Beautiful damage…

I’ve talked before (over at the This Week in Photography blog) about how much fun it can be to rescue old negatives/slides from the obscurity of some box in the basement and get them added into your digital photo archive.  Most of what I’ve scanned so far have come from photos I’ve taken myself but recently (when my Mom moved to a new house) I came across a batch that date from the Mom&Dad era.  

Although many of them are a lot of fun (and several have incredible self-embarassment value)…

…I know that most are primarily of interest only to immediate friends and family.  

But one unique feature of this batch is that several of the original slides were severely degraded by water/mold/dirt/age.  And the patterns that emerged from this slow decay have their own (at least in my opinion) unique beauty as well.  The image at the top of this post is fascinating to me, and I particularly like looking at some of the close-up detail of where the colored emulsions have separated and migrated by the slow action of moisture and mold.  

Some of the photos are nothing but damage at this point, others are more of an exercise in trying to decipher the subject matter.  

And some feel almost intentional in the way they transition from relative clarity to some impressionistic bit of pseudo-randomness.

(It will be interesting to see if I’ll be apologizing to my mother more for posting such a damaged photo of her or for posting a photo where she’s wearing those ridiculous glasses…)

Maybe it’s the combination of age, damage and subject matter but I find that many of these images really evoke a strong sense of melancholy.  These next two in particular are almost haunting to me – and in the back of my head I can hear the slow, lonely notes of the minimalist piano score that would accompany them.  

I wish I was a skilled enough photographer to be able to capture this sort of thing intentionally.

For those of us who sometimes get caught up in the quest for razor-sharp, high megapixel, ultra-clean digital imagery, it’s all a nice reminder that there are just some things that can’t be quantified.



[Full-resolution versions of all of these scans (& a couple of others) are on flickr if you want to zoom into the details a bit more.]


15 thoughts on “Beautiful damage…

  1. That’s great. It deffinitly makes me want to look for old negatives myself. I really like what you said about the huge push for high res tack sharp images… the bottom three here are proof that things don’t always need to be perfect.

  2. This is kind of random, but a friend and I are doing a little project where we write and record a new song every week. Each week we like to have artwork accompany the background info on the song and I think the last pic would fit really well for our song this week. We’re getting ready to post the new song tonight (12/7/08) and I was wondering if we could use the last photo old_scan_8 for the song? The site is if you want to take a look at previous weeks. Thanks!

  3. @Tim – Absolutely, use whatever you want wherever. And thanks for reminding me that I need to mark these (like everything I put up on flickr) as Creative Commons licensed. (I wish the flickr uploader let me do that by default).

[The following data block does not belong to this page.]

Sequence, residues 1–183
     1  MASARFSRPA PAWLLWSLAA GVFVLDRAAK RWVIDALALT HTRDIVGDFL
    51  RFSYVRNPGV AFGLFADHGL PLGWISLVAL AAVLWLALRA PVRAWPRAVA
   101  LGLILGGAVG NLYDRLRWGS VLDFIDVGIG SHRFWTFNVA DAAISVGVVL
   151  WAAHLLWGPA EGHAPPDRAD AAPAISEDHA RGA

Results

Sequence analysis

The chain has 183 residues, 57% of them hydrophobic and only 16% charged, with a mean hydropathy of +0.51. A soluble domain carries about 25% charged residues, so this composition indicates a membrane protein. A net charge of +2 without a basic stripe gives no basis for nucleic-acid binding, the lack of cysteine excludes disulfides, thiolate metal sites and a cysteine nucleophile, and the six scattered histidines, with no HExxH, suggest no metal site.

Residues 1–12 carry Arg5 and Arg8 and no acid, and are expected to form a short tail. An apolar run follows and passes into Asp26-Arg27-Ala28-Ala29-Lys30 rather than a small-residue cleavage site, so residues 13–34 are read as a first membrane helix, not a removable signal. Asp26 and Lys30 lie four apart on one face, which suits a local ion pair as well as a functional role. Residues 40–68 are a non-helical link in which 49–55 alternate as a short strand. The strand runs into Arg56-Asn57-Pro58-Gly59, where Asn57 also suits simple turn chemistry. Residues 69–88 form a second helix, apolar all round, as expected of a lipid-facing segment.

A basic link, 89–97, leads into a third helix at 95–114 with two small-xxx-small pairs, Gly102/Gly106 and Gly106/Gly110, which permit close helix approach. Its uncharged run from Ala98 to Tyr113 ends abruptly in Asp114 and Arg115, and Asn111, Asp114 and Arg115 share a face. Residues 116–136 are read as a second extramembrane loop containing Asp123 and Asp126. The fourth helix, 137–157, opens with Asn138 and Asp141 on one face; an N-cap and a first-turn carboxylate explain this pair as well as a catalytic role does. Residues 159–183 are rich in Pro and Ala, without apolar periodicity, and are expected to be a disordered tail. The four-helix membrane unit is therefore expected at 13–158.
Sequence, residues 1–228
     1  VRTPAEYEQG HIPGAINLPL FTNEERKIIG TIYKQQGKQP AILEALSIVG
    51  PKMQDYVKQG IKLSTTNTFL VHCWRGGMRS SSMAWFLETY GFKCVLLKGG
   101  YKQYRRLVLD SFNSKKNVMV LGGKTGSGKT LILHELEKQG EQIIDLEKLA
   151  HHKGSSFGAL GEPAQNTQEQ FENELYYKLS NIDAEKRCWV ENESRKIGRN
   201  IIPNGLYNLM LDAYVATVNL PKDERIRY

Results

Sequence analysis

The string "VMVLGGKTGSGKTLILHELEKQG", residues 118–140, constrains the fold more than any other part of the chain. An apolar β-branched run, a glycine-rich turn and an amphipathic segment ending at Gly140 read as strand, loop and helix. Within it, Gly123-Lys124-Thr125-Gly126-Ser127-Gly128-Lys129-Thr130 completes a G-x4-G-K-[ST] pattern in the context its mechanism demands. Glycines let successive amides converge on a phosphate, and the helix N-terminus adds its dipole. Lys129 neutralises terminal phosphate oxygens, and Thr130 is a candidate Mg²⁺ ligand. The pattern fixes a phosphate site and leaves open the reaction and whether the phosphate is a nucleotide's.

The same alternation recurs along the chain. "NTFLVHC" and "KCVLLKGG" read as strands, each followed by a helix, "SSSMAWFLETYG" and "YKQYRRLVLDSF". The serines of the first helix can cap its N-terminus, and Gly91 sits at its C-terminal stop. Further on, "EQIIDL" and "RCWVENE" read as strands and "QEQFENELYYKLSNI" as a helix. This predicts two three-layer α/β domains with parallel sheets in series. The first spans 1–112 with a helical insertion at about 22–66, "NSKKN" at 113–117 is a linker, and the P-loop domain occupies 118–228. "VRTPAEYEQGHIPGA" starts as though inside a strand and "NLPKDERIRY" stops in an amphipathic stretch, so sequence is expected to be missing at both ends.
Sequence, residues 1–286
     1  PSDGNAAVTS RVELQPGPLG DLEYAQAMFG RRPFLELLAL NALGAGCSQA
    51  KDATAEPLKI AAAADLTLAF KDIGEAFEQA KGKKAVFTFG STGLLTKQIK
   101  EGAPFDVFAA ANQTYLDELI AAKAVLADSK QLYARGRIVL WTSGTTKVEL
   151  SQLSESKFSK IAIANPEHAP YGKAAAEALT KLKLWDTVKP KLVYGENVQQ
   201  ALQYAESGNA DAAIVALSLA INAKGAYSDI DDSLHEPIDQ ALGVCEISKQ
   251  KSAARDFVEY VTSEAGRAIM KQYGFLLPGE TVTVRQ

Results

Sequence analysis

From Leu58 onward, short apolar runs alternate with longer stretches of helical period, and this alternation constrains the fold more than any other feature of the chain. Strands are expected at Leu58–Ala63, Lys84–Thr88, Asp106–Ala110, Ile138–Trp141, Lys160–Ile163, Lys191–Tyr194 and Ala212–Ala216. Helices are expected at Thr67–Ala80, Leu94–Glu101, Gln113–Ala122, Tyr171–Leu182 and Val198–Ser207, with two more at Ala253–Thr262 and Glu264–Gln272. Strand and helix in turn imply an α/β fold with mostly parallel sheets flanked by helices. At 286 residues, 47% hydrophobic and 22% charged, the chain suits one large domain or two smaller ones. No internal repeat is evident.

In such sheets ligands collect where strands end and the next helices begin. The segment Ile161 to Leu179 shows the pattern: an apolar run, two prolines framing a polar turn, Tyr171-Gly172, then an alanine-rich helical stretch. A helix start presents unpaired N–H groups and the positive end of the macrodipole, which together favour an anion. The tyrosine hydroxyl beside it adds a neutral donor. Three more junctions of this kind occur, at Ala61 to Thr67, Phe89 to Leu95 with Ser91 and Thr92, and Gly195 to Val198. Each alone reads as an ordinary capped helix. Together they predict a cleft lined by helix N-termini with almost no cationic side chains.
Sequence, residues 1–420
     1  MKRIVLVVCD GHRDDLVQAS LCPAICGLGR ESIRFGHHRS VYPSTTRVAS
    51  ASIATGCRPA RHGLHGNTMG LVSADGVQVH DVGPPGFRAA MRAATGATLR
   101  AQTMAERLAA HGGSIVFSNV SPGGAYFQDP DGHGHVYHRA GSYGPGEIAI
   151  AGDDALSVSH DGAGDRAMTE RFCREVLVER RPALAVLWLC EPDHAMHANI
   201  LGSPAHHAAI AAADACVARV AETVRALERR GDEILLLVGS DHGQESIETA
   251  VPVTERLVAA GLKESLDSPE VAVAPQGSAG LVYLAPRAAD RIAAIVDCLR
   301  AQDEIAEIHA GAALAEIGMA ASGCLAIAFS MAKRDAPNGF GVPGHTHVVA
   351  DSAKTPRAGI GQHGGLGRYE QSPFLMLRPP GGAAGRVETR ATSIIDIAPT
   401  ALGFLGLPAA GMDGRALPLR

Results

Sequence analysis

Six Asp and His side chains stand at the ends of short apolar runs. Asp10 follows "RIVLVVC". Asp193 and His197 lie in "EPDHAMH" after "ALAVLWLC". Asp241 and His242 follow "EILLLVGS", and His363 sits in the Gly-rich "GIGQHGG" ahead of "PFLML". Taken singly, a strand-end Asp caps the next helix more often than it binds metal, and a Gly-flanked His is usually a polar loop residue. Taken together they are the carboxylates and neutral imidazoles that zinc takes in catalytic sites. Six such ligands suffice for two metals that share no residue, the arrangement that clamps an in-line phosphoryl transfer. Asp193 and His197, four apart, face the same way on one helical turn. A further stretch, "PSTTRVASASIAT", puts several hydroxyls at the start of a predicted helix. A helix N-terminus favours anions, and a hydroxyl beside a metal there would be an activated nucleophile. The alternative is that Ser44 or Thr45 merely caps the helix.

And good luck with the music – I like the song that’s up there now.

  4. beautiful photos! its as if everything, at the end of its life, turns into a painting; we are all rembrandts in the making ;-)

  5. Ron – beautiful post. The last two photos are heart-wrenching. A memory and a feeling I also get melancholic when I look at old photos from the family archives. Something about the passage of time, about possibilities that existed…

    I have been collecting old glass negatives for a few years now. Of people and places I don’t know. I choose photos that speak to me, somehow. And since in most cases I cannot find any information about those in the photos, I am writing up my own stories about them. Many of them would have been my friends, some I want to invite over for dinner, spend an evening talking and sipping wine. Photographs can be so powerful. And in unexpected ways sometimes. These hundred-year-old negatives remind me of our common humanity, that despite all the changes in technology and cultural habits and several wars in between, we are all the same, with dreams and hopes and daily pleasures. And they remind me about the passage of time.

  6. And then there is the hidden story from the woman, unaccompanied by the sea, of her friend behind the funky glasses that she drove to the port that morning, who sailed past the horizon in search of … Batman.
    Great pics, Ron. Interesting find, and good write-up.
    Strange that the emulsions actually lose their color as they get older and crystallize(?).
    Any idea as to who took the final picture: father or mother or budding son?

  7. I agree that the images you’ve picked are gorgeous. But, I’m dying to know the story behind wearing the Batman costume while standing next to a Christmas tree. (Refusing to let Halloween go?) And since that photo’s you, I’m thinkin’ we have a better than even shot (no pun intended) of finding out. ;)

    • Honestly, I have almost no memory of this (except I do recall some significant controversy at some point over whether or not my little brother would have to wear a Robin costume or if he could also have a Batman costume… I think he ended up as Batman too). If I had to guess I’d be willing to bet that Halloween really didn’t have anything to do with this – I/we just wanted to dress up as Batman and asked for that as a Christmas gift. It’s possible that Mom bought the costumes at halloween but didn’t give them to us ’til Christmas?

  8. Then this is for you who love “damage” such as this…. DECASIA Was “performed with a live orchestra here in NYC a few years ago at St. Ann’s Warehouse

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